Annexation proposal met with criticism
About 20 property owners, Midland Railway representatives and parents of Baldwin school children filled the room at Monday's Baldwin City Council meeting to voice their opinions about a proposal for the annexation of land on the west side of town.
The property being considered for annexation is located west of 11th Street, extending south from Ames Street to approximately Fremont Street, east of the new elementary school.
One of the reasons the city is considering the annexation is the need for another entrance -- a walkway or bike path -- to the new school from 11th Street that would not be along U.S. Highway 56. The proposed path for students lines up with Elm Street and would cross a section of the railroad.
"As a parent of a child going to the elementary school, we need pedestrian access to the new elementary school which is not possible now," Baldwin resident Steve Pierce said. "The only other option we have is for the kids to come to school on the highway."
Baldwin resident Gayla Waymire said the highway was not an option for students who walked to school.
"It's not safe for the walkers and bikers," Waymire said. "We still need to have other ways to get the kids to and from school other than the highway."
But some of the owners of the properties being considered for annexation are not in favor of the proposal.
"We're quite happy in the county and not in the city," Albert Johnston said. "It's a matter of the ability to manage our own property. There would be a lot of constraints of what we can and can't do.
"Our taxes will go up," Johnston said. "It seems this is a way the city is trying to increase their income without much thought about providing additional services."
Joey Mosteller said he was also against the annexation for several reasons, including not wanting an increase in taxes and not wanting to lose his septic tank to have to hook up to the city's sewer system.
Mosteller said currently there is no sidewalk, which would probably be added if the land was annexed.
"I don't want to lose a large chunk of my property for a sidewalk," he said.
Both Johnston and Mosteller were also concerned about the liability that would be placed on the landowners once they were annexed and the safety of the students if the area was used as a route to the new school.
"I think that's a bad idea," Johnston said of path to the school. "I wouldn't want a child going up there. The railroad's there. There are several areas that are brushy and haven't been cleared.
"A much safer route to get them to school would be on a bus," he said.
Mayor Ken Hayes said the city didn't have many options.
"We didn't have a lot of say or input on where the school was going to be, but we have to deal with it," Hayes said.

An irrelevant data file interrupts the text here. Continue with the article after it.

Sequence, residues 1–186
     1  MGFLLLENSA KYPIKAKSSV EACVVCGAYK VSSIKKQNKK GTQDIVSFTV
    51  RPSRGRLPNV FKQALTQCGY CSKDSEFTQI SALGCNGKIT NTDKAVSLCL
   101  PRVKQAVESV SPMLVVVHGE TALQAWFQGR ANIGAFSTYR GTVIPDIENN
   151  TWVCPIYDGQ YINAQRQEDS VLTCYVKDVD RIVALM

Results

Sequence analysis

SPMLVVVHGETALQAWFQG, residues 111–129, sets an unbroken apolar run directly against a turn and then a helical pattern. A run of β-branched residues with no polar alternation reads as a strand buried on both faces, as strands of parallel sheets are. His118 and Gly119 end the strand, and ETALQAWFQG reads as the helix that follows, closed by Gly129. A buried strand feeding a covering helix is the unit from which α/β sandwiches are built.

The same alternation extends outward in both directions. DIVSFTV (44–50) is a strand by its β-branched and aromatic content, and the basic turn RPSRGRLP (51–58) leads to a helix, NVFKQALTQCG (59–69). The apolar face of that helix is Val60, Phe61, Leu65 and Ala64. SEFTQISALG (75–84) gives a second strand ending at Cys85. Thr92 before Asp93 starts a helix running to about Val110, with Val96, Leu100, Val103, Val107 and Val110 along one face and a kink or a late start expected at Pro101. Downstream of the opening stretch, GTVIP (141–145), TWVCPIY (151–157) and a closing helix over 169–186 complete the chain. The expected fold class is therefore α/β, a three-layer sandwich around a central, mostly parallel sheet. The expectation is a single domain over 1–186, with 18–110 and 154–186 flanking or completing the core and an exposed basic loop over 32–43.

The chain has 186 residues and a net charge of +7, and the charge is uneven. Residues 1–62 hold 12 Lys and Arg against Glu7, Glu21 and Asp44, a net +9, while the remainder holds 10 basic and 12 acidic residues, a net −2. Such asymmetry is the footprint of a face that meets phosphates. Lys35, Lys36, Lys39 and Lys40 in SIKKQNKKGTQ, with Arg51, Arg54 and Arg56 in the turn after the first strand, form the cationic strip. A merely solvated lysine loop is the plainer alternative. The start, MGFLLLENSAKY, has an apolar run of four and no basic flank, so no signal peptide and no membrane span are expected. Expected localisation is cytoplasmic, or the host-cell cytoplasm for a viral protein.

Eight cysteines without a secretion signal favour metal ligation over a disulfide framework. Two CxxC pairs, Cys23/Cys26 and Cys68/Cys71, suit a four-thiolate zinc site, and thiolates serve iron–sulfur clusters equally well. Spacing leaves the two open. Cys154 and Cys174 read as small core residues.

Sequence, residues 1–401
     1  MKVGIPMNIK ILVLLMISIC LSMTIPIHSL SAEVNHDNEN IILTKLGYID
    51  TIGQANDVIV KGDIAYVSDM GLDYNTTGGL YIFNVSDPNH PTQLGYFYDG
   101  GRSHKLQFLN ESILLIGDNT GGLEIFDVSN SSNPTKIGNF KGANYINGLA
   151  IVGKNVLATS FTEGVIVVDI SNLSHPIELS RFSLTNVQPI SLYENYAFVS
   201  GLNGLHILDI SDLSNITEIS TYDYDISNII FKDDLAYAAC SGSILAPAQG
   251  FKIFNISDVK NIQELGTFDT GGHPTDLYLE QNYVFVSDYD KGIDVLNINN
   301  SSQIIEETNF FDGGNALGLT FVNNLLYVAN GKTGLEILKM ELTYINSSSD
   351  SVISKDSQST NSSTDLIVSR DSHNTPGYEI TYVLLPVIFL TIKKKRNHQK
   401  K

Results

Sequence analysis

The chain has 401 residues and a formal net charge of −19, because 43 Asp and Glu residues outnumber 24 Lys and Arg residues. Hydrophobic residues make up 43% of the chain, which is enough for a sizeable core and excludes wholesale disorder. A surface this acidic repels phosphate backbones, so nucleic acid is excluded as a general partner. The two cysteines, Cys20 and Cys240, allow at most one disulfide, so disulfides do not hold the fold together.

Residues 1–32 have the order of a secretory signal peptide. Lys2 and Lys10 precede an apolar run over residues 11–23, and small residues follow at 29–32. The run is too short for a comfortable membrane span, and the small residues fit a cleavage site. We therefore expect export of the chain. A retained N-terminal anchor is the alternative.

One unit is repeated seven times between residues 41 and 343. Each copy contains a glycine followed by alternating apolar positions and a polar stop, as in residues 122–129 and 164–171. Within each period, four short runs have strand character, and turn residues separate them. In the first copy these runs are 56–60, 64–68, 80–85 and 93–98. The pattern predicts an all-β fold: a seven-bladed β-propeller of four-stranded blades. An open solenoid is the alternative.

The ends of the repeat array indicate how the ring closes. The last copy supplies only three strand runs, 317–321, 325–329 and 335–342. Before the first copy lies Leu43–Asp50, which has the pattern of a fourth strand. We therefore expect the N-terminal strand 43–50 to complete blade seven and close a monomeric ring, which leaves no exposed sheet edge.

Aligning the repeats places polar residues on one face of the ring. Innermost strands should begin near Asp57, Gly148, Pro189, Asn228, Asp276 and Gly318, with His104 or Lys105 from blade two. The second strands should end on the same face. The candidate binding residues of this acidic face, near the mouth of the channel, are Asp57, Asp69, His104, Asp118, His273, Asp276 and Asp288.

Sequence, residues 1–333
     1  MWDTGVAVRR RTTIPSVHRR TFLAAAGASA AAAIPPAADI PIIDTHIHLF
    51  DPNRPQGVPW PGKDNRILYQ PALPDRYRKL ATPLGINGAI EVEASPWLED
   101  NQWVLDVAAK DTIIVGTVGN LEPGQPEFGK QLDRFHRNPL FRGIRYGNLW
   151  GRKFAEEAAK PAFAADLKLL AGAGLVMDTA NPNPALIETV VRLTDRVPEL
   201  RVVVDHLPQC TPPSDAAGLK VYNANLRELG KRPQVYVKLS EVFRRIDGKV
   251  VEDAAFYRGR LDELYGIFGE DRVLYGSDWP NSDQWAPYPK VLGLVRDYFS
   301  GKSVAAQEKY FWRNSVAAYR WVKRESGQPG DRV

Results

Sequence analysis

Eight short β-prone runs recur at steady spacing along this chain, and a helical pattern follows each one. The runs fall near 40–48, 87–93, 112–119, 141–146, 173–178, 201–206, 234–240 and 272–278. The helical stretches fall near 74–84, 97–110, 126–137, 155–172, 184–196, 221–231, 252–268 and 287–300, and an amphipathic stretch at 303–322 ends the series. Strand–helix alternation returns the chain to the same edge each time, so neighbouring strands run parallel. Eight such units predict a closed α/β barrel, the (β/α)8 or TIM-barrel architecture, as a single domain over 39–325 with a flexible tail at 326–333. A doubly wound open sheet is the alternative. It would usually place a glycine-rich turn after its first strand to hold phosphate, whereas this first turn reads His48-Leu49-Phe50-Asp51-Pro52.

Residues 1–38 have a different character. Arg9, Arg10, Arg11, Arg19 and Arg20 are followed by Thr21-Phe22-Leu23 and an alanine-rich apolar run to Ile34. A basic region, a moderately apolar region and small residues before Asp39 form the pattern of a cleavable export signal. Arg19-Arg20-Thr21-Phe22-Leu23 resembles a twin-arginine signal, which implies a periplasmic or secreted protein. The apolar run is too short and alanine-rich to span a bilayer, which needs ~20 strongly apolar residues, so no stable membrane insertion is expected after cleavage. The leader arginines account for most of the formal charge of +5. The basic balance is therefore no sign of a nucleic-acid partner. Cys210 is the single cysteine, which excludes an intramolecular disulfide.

"The reality is that not all children are going to ride the bus," he said. "In my opinion, we should annex the property and do what we can to protect the children and protect the property owners."
Council Member Ted Brecheisen said he sympathized with the property owners.
"I wholeheartedly feel with these people and I agree with them," Brecheisen said. "We as a city council have been put in a position that I hate to be put in."
He said he was disappointed the Baldwin School District hadn't done more to solve the problem.
"The school board has run a path to Elm Street with no place to go. I just don't think the school district has decided to address it in the way they should have," he said. "They've created a problem they expect us to solve overnight."
Hayes said something had to be done, because the school had already been built.
"I don't think a lot of in-depth planning was done on the other side of this issue, but the school's there," he said. "I agree with Junior on a lot of points, but literally, we have to get from A to B. There is no good solution to this problem."
Council Member Ken Wagner agreed there was no easy answer.
"I'm leaning toward voting pro-annexation. I very much understand your concerns, but it comes down to the reality of a multi-million dollar school we're forced to deal with," Wagner said. "It's one of the tougher decisions we've made in the last year. My struggle is, I don't know how else to deal with it."
Ernie Griffin, general manager of Midland, said no one would be allowed to cross the railroad tracks unless it was safe.
"Nothing is cut and dried about people crossing our property," Griffin said. "We have major concerns. Nobody is going to cross our property until we're sure it's going to be as safe as possible."
Mike Fox, president of Midland, pointed out to the council that there were a couple sections of the land that were not included in the proposal. If the current proposal was approved, those sections of land would be left in the county.
Council Member Marilyn Pearse said she would like the city to check the sections of land Fox listed before having the council vote on the proposal.
The decision was tabled to the April 21 council meeting.
In other business, the council:
- Approved in a 4-0 vote, with Council Member Todd Cohen absent, to grant the Baldwin Community Arts Council permission to use the sidewalks from June through September for Art Walk, which are the third Friday of each month.
More like this story
- Sheriff's office investigating allegations of missing money from Wakarusa Township fireman's fund
- Severe Weather Awareness Week approaches; Douglas County prepares
- 86-year-old man dies in single-engine plane crash near Pratt
- Lumberyard Arts Center schedules full slate of classes
- Kansas House panel considers higher scrap theft penalties